lawn-fall trees.jpeg

Since the weather is warm and mild, it is still a great time to re-seed your lawn, cover bald spots, or seed a new lawn. I re-seeded mine a few weeks ago when the atmospheric river and bomb cyclone hit our area with force, and the grass is gloriously green and growing. I have always liked the award-winning seed, Pearl’s Premium, available in California only online at www.PearlsPremium.com.  The roots grow deeper than most seeds and the lawn doesn’t need as much water or mowing. I wrote to Jackson, the founder of the company whom I met when I was lecturing at the National Garden Communicators Conference, and asked if there was a discount that I could offer my readers. He kindly responded that he offers a 10% discount at checkout with the code BLACKFRIDAY. He was apologetic that he couldn’t offer more of a discount at this time, however, due to the wildfires and the drought, two years of his work were decimated resulting in his costs escalating to over 300%. He has seed in stock right now, but, because of the unique seeds that go into his mix, once this season is sold out, we may not be able to get any more seed for a year or more. If kept in its packaging, the seed is good for at least 18 months. Order now. Again, www.PearlsPremium.com and put in the code BLACKFRIDAY.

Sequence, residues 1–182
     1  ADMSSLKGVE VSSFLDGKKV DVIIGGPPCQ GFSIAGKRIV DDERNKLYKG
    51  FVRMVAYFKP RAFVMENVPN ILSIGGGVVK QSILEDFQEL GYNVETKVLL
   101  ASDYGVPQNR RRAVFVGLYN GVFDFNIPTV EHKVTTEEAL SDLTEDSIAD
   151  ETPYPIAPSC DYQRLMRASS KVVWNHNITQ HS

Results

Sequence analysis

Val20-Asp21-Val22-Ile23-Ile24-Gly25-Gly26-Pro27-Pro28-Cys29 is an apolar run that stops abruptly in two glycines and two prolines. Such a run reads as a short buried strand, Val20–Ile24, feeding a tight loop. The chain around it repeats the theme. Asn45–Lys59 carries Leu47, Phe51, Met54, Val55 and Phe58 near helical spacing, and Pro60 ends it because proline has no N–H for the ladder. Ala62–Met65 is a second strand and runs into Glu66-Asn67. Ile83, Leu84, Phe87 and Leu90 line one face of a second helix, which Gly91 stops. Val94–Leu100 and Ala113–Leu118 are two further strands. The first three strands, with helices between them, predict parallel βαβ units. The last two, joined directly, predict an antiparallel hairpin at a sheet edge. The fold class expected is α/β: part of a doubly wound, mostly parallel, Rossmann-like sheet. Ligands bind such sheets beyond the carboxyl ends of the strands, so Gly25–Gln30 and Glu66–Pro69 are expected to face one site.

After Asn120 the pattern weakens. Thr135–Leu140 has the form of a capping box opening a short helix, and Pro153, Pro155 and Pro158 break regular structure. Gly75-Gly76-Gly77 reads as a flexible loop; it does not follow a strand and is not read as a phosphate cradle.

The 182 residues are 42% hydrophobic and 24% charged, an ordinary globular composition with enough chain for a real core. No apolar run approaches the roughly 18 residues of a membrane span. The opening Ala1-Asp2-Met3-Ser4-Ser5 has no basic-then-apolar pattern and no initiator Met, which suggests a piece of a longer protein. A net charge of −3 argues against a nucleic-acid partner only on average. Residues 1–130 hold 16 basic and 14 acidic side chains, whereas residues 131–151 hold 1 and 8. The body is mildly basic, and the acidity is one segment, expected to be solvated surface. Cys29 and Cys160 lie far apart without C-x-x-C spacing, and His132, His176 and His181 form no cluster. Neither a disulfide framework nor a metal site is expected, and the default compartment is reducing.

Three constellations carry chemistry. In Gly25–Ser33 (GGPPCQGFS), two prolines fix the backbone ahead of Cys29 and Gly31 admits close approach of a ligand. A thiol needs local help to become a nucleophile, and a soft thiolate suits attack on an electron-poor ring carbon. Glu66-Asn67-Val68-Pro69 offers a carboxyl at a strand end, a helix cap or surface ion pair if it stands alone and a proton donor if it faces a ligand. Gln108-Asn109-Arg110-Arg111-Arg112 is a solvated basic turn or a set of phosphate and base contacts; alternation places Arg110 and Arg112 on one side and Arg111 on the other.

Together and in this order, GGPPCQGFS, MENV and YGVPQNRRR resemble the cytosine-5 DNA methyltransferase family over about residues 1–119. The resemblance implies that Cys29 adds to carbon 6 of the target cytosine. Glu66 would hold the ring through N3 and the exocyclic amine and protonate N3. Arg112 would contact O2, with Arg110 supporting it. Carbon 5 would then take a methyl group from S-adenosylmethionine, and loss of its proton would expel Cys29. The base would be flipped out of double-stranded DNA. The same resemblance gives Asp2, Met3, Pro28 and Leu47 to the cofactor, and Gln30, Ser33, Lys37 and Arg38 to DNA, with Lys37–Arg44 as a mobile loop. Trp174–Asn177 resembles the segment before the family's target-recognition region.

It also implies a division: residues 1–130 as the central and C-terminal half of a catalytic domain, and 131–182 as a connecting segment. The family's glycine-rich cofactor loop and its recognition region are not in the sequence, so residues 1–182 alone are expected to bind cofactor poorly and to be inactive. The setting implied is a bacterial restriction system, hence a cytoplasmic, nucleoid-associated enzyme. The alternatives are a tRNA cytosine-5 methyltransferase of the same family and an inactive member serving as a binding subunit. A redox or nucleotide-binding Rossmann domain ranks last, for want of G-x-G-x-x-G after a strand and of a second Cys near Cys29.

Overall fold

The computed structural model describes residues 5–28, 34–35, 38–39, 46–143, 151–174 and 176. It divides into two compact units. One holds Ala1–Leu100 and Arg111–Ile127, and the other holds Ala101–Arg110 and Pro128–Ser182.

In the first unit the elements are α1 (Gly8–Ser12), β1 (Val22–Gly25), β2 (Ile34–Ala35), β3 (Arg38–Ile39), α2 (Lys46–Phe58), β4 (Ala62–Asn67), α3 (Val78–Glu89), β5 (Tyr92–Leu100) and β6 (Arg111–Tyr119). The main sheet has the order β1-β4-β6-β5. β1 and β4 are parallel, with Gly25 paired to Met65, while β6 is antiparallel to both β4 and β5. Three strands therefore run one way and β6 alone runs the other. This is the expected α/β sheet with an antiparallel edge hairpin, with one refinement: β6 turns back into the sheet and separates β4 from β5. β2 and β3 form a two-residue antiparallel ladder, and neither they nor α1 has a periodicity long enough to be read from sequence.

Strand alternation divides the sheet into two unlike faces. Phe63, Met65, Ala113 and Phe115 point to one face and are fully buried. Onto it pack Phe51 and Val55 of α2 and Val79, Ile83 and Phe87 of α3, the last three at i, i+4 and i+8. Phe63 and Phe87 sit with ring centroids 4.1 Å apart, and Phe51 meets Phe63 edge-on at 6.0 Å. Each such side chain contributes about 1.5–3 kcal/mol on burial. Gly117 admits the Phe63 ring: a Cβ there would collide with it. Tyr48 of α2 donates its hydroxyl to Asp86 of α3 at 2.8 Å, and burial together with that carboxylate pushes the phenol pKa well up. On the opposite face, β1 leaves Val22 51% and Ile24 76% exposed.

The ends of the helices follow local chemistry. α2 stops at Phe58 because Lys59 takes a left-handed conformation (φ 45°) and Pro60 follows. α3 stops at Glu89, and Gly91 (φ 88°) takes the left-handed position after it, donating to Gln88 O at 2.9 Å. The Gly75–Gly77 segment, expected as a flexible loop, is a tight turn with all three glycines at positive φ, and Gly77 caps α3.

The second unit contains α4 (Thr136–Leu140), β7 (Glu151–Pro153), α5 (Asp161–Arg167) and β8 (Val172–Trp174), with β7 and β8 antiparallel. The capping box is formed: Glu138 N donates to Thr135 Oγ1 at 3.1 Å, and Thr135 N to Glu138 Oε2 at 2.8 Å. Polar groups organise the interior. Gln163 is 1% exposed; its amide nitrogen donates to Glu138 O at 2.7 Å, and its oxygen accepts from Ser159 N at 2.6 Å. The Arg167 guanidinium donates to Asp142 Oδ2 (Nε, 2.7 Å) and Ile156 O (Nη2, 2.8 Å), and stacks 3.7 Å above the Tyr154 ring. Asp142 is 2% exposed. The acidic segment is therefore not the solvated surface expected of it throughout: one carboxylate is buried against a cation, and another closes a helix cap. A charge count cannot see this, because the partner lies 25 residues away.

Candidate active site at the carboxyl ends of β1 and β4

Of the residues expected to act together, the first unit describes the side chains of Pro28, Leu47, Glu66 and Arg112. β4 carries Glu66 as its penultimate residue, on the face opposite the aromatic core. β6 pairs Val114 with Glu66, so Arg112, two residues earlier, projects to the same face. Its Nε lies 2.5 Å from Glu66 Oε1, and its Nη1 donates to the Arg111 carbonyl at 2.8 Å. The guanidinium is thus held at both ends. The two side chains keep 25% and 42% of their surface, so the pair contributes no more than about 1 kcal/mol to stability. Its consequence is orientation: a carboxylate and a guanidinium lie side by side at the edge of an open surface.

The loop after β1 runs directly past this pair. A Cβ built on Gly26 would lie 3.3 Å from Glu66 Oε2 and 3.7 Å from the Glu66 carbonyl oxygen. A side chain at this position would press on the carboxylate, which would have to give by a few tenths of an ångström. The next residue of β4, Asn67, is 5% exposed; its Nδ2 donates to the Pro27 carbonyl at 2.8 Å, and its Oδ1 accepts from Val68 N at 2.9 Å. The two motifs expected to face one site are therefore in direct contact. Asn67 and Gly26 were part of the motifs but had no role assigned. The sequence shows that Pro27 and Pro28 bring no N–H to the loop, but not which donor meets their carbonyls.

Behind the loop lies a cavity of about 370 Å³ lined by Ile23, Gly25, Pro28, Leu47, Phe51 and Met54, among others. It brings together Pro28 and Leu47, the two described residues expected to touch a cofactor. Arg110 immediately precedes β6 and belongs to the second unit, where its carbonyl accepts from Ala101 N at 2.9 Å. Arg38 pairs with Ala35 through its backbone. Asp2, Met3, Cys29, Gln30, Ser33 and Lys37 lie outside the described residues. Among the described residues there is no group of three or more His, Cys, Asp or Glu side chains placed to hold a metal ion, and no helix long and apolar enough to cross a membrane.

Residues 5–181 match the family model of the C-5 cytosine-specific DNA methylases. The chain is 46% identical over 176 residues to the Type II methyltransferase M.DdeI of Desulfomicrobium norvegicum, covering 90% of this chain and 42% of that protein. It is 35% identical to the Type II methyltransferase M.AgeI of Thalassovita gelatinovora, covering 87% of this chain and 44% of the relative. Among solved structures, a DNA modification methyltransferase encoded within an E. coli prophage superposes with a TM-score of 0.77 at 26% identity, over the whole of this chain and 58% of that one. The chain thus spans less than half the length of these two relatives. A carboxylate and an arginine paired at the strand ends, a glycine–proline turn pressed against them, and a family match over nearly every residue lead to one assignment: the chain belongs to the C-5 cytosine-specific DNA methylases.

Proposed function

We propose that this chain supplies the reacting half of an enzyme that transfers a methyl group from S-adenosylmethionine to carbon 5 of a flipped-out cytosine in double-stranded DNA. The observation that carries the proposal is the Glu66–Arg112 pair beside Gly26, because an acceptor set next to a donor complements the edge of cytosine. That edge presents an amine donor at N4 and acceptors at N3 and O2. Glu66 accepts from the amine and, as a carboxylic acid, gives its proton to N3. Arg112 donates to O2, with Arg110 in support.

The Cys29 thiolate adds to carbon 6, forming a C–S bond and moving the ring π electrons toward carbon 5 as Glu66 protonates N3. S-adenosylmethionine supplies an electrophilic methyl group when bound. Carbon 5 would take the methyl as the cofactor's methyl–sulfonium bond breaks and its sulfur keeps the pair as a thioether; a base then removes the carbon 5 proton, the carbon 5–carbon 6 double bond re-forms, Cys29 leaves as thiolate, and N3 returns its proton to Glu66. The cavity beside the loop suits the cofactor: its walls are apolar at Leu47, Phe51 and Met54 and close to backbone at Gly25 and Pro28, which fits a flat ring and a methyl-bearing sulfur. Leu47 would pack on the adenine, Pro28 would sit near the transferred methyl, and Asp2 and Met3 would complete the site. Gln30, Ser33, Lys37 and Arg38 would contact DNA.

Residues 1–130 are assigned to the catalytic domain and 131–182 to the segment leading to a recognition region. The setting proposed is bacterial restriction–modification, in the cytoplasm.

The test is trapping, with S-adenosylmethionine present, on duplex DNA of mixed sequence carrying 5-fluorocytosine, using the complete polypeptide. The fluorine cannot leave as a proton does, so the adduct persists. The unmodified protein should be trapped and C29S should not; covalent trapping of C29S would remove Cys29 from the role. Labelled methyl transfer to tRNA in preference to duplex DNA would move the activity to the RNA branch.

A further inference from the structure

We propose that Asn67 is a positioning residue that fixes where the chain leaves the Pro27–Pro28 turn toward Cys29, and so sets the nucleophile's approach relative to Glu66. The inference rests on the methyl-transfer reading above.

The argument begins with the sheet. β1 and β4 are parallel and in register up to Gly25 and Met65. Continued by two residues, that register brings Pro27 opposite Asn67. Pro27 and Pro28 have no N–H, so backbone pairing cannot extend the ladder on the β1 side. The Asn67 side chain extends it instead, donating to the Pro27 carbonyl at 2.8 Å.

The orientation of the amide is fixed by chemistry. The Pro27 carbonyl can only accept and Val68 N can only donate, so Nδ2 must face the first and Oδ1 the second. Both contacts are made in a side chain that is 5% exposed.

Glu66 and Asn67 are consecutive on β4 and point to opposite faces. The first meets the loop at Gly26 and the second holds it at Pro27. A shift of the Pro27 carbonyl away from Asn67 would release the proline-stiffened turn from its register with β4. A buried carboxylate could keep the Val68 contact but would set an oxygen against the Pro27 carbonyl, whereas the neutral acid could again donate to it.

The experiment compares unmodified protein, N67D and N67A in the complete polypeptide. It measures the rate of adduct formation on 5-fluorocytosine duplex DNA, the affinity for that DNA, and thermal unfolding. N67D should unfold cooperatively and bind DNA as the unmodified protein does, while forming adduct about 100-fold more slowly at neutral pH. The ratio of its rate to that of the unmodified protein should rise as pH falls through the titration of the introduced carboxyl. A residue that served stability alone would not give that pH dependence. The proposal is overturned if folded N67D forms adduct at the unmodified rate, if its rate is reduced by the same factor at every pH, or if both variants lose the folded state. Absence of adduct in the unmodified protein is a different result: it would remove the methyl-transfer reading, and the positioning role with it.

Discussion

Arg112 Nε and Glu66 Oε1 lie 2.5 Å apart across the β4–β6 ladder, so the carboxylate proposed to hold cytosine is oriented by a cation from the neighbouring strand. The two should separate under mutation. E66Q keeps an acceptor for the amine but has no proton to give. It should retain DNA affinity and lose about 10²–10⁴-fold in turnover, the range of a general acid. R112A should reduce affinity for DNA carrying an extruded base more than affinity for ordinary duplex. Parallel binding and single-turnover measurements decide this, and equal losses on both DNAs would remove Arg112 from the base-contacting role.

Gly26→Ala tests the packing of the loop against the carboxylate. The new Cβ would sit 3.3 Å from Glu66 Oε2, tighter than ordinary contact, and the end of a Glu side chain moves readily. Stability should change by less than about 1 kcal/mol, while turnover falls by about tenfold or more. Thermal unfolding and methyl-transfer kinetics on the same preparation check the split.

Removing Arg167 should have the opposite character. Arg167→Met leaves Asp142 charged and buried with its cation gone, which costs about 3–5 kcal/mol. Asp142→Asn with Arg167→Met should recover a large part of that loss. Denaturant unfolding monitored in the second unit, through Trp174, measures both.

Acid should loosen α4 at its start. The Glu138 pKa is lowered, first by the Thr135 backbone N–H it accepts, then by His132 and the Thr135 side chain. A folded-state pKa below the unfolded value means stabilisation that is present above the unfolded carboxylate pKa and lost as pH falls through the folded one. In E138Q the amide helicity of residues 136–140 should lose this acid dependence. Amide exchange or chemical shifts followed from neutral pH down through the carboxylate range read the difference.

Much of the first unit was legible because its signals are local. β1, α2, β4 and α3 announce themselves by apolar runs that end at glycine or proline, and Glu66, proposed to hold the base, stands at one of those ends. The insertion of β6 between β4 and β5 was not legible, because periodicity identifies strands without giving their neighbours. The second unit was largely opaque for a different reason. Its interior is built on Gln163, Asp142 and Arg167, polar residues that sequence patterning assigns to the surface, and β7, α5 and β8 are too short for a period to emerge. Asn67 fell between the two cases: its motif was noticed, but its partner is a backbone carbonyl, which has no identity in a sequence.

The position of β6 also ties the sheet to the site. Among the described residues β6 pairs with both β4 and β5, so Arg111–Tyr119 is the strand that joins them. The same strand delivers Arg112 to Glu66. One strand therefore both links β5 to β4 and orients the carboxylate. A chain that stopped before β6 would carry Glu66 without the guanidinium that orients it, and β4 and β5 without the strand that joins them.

weigela.jpeg

Although we only have a few more weeks of fall, because of the current lovely climate, you can continue planting. My jonquils have been blooming for the past month and I continue to install more bulbs. Planting parsley either in beds or in containers is an excellent edible plant that will provide ongoing beauty as well as culinary interest.

parsley from seed in container.jpg.jpeg

I’ve been harvesting my Brussel sprouts and am planting new seedlings for later harvest. If you are looking for specimens that are deer- resistant, consider Hosta, fern, coral bell, boxwood, weigela, and butterfly bush. Keep in mind that no plant is deer-proof. Succulents are available in many varieties and colors and are an excellent choice for our drought-ravaged land. 

succulent garden.jpeg

As we prepare for winter, we still have a few more tasks in the autumn garden to ensure beautiful spring vegetation. Since the rain, weeds have sprouted and need to be pulled as they are not only unsightly and spreading, but they will be detrimental by providing shelter for overwintering uninvited insects and contributing to disease. Pull them out while the soil is still soft and malleable. Once it hardens, the job is much tougher. Remove any dead or diseased plants as well. When substantial rain arrives, it will encourage fungus growth.

redwoods, shrubs .jpeg

To add more nitrogen to your beds, plant a cover crop of vetch, rye, oats, or other legumes. In the spring, dig it into the soil.  The Farmer’s Almanac encourages protecting fruit trees from winter-hungry rodents by installing a guard of fine mesh hardware around the base of the trees.